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Archive for July, 2019

NE555 Theory of Operation

Wednesday, July 17th, 2019

Oscilloscope Trace

Oscilloscope Trace

Ohhhh no, not another post about the NE555 timer! I’m sorry to say, yes, this is another article (or two) about the NE555, how it works and some applications.

I blog for two main reasons:

  • As an aide-memoire
  • Hopefully others will find these posts useful

So this first post will cover the theory behind the operation of the NE555 using the astable circuit as an example.

Logical Layout of the NE555

The NE555 has four logical units and they can be viewed logically in the following layout:

Logical units with NE555

NE555 Logical Layout

These logical units are:

  1. Resistor ladder
  2. Two comparators
  3. S-R latch
  4. Discharge circuit

These components allow the engineering of a wide number of circuits using this versatile chip. This series of articles will cover four applications:

  • Astable circuit (a.k.a a clock)
  • Reset circuit
  • Button debouncing a push switch
  • Button debouncing with selection (i.e. latching switch)

Let’s start with looking at the four logical components identified above.

Resistor Ladder

Resistor Ladder

Resistor Ladder

The resistor ladder in the original chip used 5K resistors. The use of three equal value resistors supply 1/3 * Vcc and 2/3 * Vcc to the two comparators.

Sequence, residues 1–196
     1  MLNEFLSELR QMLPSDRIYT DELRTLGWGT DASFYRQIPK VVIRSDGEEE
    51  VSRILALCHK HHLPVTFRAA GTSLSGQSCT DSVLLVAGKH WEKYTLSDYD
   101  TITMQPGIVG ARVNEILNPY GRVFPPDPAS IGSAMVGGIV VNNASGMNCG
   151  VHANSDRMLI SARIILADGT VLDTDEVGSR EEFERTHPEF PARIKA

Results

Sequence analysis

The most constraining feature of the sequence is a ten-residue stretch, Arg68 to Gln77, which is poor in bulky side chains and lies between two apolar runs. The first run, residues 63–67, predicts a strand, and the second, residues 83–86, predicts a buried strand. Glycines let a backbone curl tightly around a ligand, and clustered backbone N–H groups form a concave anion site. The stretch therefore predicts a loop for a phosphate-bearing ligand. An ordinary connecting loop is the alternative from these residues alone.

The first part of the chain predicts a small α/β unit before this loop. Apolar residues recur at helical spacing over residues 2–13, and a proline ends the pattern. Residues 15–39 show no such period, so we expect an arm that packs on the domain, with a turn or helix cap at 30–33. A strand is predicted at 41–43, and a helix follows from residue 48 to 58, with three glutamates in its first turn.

Comparators

Comparators

Comparators

The two comparators compare two of the input voltages to the two values from the resistor ladder, namely, 1/3 * Vcc and 2/3 * Vcc. They output a high value if the voltage on the positive input is greater than the voltage on the negative input.

The top comparator has the negative input connected to 2/3 * Vcc and the positive input connected to the threshold pin. This comparator will out a high value when the threshold is greater than 2/3 * Vcc and a low value at all other times.

The lower comparator has the negative input connected to 1/3 * Vcc and the positive input connected to the trigger input. This comparator will output a high value when the trigger is less than 1/3 * Vcc and a low value at all other times.

S-R Latch

S-R Latch

S-R Latch

The S-R latch uses the output from the two comparators to determine if the output of the NE555 should be turned on or off. The inverted output from the latch (Q) is connected to the output pin of the NE555 through an invertor.

Q is also connected to the base of the transistor connected to the discharge pin.

Discharge Circuit

Discharge Circuit

Discharge Circuit

The discharge pin is connected to ground through a transistor. The base of the transistor is connected to the inverted output of the S-R latch. So the discharge pin is connected to ground when the S-R latch is in the reset state.

So How Does it Work?

An astable circuit can be used to understand how the various components of the NE555 work together and it is this circuit we will examine next.

Astable Circuit

One of the circuits that can be constructed using the NE555 is a low frequency PWM circuit, known in NE555 parlance as an astable circuit. This can be used in a wide variety of applications from flashing LEDs to the provision of a low frequency clock signal for a digital circuit.

A simple astable circuit can be constructed using two resistors, a capacitor and the NE555 chip. Using the above logical diagram as a starting point we would connect the additional components as follows:

Astable Logical Layout